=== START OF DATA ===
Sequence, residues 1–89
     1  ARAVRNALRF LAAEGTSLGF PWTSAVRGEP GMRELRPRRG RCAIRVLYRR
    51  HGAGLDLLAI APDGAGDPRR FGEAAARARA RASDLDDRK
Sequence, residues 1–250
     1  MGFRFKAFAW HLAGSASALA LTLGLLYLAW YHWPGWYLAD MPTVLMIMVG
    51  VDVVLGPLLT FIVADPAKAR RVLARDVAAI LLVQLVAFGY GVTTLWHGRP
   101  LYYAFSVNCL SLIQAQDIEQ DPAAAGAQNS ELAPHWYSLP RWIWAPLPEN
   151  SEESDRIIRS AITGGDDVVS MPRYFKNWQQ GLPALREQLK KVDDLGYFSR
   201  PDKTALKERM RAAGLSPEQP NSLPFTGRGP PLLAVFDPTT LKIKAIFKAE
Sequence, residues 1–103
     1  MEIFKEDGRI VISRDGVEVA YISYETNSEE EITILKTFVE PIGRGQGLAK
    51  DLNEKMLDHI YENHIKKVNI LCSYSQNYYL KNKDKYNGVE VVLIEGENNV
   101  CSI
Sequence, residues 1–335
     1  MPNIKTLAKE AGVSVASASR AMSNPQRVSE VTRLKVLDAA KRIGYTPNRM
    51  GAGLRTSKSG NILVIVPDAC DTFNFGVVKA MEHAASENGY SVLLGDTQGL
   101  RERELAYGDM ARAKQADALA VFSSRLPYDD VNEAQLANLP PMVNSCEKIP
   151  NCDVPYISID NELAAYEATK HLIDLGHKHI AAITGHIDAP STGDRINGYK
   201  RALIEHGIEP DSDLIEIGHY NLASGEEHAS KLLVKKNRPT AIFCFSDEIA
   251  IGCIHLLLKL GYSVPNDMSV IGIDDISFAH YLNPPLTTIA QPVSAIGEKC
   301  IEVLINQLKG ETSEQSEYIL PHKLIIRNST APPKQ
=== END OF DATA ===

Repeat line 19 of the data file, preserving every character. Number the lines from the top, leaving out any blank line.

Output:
   201  RALIEHGIEP DSDLIEIGHY NLASGEEHAS KLLVKKNRPT AIFCFSDEIA